- GBPUSD on course for 1.20
- But coming week could see some relief
- U.S. PCE inflation data on tap
- UK will release GDP figures for Q2
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The British Pound has now been subjected to 11 weeks of relentless pressure against the Dollar and there is little to suggest the selloff is about to end with most analysts saying 1.20 will be targetted over the coming weeks, although near-term some stabilisation can be expected.
The Pound's selloff accelerated last week after the Bank of England paused its interest rate hiking cycle while offering no clear evidence it was intending to hike rates again.
The net result was a further fall in UK bond yields at a time of rising U.S. bond yields, creating a scenario where the gap between the two - known as the spread - widened in favour of the Dollar.
To be sure, the Dollar has been pressuring most of its G10 rivals as investors sell bonds as U.S. economic strength prompts investor wariness of a potential November interest rate hike at the Federal Reserve, while at the same time lowering expectations for cuts in 2024.
"The dollar continues to find support across the board, especially against the yen, pound and the euro, currencies where the central banks are comparatively more dovish than the Fed," says Fawad Razaqzada, an analyst at City Index.
Image courtesy of City Index.
Razaqzada's analysis of the Pound-Dollar outlook reveals the potential for "further room to go on the downside."
"With support around 1.23ish broken, the path of least resistance remains to the downside for the cable. From here, we could see the rate decline towards 1.21 and possibly 1.20 in the week ahead. These levels were support earlier this year, and is where the long-term 38.2% Fibonacci retracement level comes into play," says Razaqzada.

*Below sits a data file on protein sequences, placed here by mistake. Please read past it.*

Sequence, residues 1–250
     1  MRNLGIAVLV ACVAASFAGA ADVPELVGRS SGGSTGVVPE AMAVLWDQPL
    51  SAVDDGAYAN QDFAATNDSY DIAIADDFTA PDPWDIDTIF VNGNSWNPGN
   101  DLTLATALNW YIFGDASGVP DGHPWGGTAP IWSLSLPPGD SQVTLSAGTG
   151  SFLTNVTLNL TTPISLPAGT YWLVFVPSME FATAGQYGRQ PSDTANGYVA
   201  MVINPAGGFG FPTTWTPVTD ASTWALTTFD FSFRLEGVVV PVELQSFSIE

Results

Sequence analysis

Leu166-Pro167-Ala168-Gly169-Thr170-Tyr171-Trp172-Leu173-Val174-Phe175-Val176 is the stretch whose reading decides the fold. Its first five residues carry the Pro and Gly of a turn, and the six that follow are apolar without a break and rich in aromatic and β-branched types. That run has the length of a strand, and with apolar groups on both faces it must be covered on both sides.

The Pound's selloff could soon reach overextended levels, at which point the prospect of a short-term and temporary rebound could transpire.
Looking at the resistance points to target, Razaqzada says the area between 1.2308 and 1.2332 is of significance as this forms the previously broken support area. "This zone needs to be defended by the bears now if they are to maintain control of price action," he says.
Turning to the data calendar, the two key releases in the coming week both fall on Friday, with a smattering of second-tier numbers coming through over the preceding days, none of which will offer too much excitement for Pound-Dollar.
Above: The spread between the UK 10-year yield and U.S. equivalent (top) has been falling, taking GBPUSD lower.
Friday's U.S. PCE inflation figure will be of note in that it can further support the recent trend of Dollar firmness if it comes in ahead of expectations.
Core PCE is expected at 0.2% month-on-month in August, with any undershoot potentially aiding a comeback in the Pound, particularly if UK GDP data beats expectations.
Friday sees the second release of Q2 UK GDP data, meaning the likely market impact of the numbers will be minimal.
Markets are nevertheless looking for GDP growth in Q2 to be at 0.4% year-on-year and 0.2% quarter-on-quarter. Any major deviations could offer some short-term volatility.
Note that revisions will also be made to previous data for 2022 and 2023. This is "particularly pertinent now that the ONS has indicated huge revisions to data for 2020 and 2021 that have altered history quite considerably," says Philip Shaw, an economist at Investec.
The ONS has updated its measure of UK GDP by incorporating a wider range of improvements to sources and methods to measure output. It says the new methods put it at the forefront of global efforts to improve accuracy in measuring national accounts.
These improvements will now come forward into the official data. When the results of the updated model were announced it was revealed current price GDP growth for the UK in 2021 was revised up 0.9 percentage points to an 8.5% increase; this follows an unrevised fall of 5.8% in 2020.
Annual volume GDP growth in 2021 was revised up 1.1 percentage points to an 8.7% increase; this follows an upwardly revised 10.4% fall in 2020 (previously an 11% fall).
This means the UK is no longer the laggard amongst major peers in the post-Covid era.